Selena Gomez's Hairstylist Reveals 7 Ways to Conserve Water While Styling Your Hair

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Every one of our lifestyle choices has a lasting impact on the environment—for better or for worse. Collectively, our decisions are significant and can help steer our relationship with the planet in a more sustainable direction. Choosing refillable product packaging and recycling empties in stores or through programs like Terracycle's Loop are just some of the ways we can make our beauty routines more sustainable, but even the steps we take to care for and style our hair can have a positive influence.

To explain more, we had Selena Gomez's hairstylist, Marissa Marino, give us tips to make our hair routine more environmentally-friendly (without sacrificing style). "More than 95% of water usage occurs while you wash your hair, and it all goes down the drain," says Marino. She adds, "There are a lot of clean beauty brands out there, but few who are making an impact in minimizing water waste." This is why she's partnered with WATERL<SS, a brand that focuses on helping to reduce water usage. Below, Marino walks us through seven ways to conserve water while styling your hair.

Train your hair

Obviously, one of the most effective ways to conserve water is to reduce how much much you wash it. "You can extend the time between wash days, which will reduce the time you spend in the shower and ultimately conserve more water," suggests Marino. The more often you give your hair a break between washes, the more it will adjust to producing less oil. "People with oily hair tend to wash their hair every day," Marino says. "However, washing your hair with shampoo and water daily actually sends a signal to your scalp to produce more oil—leaving you in a vicious cycle."

Embrace second-day (or third-day) hair

Extending time between washes isn't just better for the environment and your health, but it can actually improve the look of your hair. "For those with curly textures, day two, three, or even five can be the best hair days," explains Marino. "It's nice with your natural oils kick in because it can add great texture."

Turn off the faucet while lathering your hair

"If you can't reduce your wash days, a simple solution is to turn off the faucet when applying shampoo or conditioner," advises Marino. "You can also fill a small container of water to rinse your hair—this will give you more control on how much goes down the drain."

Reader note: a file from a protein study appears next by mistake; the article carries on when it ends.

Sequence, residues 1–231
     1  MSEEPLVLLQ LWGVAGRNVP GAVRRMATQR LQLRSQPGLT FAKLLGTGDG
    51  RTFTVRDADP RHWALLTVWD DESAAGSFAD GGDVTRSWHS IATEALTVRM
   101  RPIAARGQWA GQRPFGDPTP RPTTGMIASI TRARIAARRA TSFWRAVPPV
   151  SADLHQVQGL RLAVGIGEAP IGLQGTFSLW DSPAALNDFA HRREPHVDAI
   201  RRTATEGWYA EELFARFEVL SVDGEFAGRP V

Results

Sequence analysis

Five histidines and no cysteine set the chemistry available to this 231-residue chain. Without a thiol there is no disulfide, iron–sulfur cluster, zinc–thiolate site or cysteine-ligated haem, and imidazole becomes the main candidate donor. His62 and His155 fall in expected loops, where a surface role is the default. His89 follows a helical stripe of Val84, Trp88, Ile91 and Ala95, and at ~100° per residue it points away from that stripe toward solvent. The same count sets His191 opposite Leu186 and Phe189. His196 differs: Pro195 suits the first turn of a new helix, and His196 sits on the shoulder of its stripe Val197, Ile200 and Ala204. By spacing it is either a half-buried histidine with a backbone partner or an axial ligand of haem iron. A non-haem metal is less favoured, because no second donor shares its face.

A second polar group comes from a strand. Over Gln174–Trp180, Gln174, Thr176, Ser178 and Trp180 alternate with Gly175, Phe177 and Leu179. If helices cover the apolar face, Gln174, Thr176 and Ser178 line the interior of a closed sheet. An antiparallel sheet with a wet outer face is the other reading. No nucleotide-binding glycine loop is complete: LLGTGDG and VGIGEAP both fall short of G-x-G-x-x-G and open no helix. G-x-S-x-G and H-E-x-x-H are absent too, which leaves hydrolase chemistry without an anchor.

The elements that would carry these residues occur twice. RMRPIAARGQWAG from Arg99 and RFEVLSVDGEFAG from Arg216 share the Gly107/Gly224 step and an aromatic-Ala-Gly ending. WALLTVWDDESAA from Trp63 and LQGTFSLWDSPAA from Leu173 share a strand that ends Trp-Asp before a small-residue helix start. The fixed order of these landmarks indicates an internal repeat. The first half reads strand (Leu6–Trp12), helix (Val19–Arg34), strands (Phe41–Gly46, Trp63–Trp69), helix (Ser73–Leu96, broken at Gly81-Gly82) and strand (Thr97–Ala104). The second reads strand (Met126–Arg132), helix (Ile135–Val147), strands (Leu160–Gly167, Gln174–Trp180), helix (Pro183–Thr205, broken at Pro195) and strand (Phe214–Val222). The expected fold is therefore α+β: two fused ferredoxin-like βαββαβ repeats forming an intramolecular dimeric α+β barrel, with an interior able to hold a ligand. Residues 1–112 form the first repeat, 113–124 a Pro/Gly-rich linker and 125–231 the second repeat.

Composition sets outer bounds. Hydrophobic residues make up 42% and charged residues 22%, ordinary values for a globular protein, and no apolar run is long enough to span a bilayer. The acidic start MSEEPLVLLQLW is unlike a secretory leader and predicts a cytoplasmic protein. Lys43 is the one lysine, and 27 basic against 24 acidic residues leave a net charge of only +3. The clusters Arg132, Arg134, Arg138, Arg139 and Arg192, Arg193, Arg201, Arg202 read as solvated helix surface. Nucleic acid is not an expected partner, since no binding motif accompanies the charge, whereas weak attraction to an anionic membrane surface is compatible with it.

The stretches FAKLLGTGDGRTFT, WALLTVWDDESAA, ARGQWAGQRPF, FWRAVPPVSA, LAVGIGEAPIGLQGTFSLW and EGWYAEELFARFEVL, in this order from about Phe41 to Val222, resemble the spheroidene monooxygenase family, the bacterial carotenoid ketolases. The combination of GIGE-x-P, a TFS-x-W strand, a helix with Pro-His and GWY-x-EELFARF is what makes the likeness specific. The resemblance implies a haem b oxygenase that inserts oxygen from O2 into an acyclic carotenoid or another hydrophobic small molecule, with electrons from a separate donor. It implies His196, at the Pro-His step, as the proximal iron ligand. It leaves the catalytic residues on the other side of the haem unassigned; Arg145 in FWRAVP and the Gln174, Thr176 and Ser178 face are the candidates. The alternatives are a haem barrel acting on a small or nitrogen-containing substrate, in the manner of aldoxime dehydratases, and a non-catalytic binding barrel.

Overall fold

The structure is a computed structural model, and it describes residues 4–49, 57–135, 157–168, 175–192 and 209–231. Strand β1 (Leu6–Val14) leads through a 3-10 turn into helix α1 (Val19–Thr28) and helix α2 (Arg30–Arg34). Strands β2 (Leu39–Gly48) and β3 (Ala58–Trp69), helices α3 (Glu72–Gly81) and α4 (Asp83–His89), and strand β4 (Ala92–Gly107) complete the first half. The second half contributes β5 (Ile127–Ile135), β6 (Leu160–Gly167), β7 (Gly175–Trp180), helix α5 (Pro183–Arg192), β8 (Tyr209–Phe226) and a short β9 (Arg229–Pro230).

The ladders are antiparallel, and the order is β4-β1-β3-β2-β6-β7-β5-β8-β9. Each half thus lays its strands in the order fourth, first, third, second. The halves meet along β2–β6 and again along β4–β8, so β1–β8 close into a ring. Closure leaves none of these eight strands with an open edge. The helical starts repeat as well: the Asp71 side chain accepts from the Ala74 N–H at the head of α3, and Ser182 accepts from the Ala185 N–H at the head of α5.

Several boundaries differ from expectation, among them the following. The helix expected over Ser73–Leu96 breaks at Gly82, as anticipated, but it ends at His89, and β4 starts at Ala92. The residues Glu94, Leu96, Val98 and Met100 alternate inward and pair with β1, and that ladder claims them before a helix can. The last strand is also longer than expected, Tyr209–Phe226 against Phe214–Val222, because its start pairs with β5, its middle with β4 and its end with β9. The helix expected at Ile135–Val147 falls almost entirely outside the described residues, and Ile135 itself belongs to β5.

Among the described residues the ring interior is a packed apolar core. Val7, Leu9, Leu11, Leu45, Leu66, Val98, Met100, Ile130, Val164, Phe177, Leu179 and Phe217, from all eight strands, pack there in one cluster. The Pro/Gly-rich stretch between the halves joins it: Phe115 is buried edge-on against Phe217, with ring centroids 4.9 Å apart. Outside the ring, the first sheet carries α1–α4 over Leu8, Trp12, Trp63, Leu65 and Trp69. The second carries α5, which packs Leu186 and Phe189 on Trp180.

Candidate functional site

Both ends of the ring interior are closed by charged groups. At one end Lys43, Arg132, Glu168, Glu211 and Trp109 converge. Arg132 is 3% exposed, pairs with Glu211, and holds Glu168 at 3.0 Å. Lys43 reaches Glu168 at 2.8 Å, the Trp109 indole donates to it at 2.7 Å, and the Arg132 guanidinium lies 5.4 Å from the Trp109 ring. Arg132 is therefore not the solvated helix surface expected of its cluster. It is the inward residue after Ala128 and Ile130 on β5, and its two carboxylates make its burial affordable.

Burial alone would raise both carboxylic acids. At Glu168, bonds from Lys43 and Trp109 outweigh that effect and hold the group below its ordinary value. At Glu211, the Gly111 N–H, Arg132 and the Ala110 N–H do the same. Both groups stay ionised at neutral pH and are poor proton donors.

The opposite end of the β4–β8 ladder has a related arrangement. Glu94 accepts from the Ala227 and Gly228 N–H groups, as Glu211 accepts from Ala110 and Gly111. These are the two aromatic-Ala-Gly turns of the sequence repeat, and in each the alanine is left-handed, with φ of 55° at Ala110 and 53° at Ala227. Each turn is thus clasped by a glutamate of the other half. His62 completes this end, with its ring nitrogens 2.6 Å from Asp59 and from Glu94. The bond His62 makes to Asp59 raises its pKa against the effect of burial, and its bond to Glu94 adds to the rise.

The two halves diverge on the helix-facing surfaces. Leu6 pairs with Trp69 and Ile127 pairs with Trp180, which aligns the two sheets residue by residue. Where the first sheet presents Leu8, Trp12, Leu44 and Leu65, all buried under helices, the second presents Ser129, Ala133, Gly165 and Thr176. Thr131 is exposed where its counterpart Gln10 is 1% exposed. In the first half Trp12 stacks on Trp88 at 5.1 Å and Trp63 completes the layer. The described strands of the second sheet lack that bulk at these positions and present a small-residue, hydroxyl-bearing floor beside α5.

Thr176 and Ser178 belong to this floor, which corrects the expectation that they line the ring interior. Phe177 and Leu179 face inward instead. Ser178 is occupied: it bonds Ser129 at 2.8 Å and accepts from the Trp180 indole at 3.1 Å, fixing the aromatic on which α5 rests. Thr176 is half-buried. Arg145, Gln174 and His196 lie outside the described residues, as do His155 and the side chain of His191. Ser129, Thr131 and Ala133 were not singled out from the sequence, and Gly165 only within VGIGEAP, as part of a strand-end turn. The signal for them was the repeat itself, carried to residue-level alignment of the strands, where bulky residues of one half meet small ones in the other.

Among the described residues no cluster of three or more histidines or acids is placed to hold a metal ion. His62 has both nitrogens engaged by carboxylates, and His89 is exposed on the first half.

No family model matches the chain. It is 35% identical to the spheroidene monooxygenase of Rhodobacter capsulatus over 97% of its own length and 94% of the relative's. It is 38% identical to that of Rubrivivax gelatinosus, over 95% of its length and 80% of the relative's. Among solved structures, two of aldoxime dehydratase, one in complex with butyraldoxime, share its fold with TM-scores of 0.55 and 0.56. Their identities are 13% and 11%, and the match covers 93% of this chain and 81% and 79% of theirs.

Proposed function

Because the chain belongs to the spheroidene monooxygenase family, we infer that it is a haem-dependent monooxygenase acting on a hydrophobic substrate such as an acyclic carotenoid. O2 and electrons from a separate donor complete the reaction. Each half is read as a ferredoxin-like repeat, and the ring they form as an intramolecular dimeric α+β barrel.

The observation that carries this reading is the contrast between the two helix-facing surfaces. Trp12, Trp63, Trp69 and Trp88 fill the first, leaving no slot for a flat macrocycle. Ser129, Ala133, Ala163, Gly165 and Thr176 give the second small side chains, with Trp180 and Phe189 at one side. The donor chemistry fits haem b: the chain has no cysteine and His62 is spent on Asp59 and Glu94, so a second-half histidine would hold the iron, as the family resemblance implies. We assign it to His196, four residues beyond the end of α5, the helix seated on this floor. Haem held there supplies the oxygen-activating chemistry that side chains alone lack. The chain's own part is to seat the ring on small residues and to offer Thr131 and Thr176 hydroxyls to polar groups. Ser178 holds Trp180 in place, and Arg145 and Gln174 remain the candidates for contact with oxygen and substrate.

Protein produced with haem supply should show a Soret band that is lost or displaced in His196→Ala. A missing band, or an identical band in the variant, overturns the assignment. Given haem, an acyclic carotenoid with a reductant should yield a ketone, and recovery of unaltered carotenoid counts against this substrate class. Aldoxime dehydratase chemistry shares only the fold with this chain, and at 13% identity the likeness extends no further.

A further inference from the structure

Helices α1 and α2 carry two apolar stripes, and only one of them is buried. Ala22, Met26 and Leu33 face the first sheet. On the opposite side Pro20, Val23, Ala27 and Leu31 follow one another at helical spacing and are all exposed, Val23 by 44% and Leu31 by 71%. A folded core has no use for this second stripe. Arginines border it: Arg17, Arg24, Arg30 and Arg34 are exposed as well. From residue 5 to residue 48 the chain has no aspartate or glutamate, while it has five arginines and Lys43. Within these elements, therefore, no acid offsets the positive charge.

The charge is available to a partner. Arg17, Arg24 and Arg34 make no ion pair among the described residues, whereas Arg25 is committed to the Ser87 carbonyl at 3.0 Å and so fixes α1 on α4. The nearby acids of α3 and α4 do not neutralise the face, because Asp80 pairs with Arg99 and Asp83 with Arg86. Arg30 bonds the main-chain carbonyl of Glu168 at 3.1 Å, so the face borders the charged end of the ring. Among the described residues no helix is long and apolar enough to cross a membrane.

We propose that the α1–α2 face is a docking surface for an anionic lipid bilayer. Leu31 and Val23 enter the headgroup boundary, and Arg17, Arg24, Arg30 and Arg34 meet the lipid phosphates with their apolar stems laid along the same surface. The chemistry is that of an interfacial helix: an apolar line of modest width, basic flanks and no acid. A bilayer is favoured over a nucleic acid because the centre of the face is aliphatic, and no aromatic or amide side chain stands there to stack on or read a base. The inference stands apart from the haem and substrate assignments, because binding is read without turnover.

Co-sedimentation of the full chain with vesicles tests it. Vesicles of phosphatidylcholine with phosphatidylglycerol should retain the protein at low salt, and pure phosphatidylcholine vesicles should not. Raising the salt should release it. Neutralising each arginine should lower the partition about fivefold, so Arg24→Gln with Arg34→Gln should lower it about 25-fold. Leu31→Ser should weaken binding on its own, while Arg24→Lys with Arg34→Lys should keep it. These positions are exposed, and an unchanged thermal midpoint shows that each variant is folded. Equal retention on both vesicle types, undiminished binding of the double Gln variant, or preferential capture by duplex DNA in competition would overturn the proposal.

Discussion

Use dry shampoo right after washing

According to Marino, it can be helpful to use dry shampoo right after washing. "Using a dry shampoo like WATERL<SS's No Residue or Foam right after washing your hair will create an instant barrier. It helps repels dirt and grease even before it starts to accumulate," she says. "Plus," she says, "It creates the best texture at the root for the perfect messy ponytail.

Don't be shy with the right dry shampoo

"There are a lot of myths about dry shampoo," notes Marino. She clarifies that all of it depends on the formula. WATERL<SS No Residue Dry Shampoo leaves no residue," she explains, "and it's buildable throughout the day. It keeps your hair feeling clean and refreshed without the white powder effect we often experience with other dry shampoos."

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Listen to your hair

Many of us can end up washing our hair in the shower out of habit, but this probably isn't what your hair really needs. Marino reminds us that everyone's hair is unique and diverse, so a customized approach is most effective. "Your hair will ultimately tell you when it needs to be washed," she replies when I ask how long someone can go without washing their hair and how many days in a row it's safe to continue applying product onto unwashed hair. "If you're using product to extend your days between washes, I recommend keeping an eye on any scalp irritation—your body is really good at telling you when it needs a change.

Use a timer when you shower

Marino's final tip is to use a timer on your phone to limit your time in the shower. "An average shower in America is around eight minutes long and uses over 17.2 gallons of water—that's 2.1 gallons a minute!" reveals Marino. "Limiting yourself to two to three minutes can save over 13 gallons of water."

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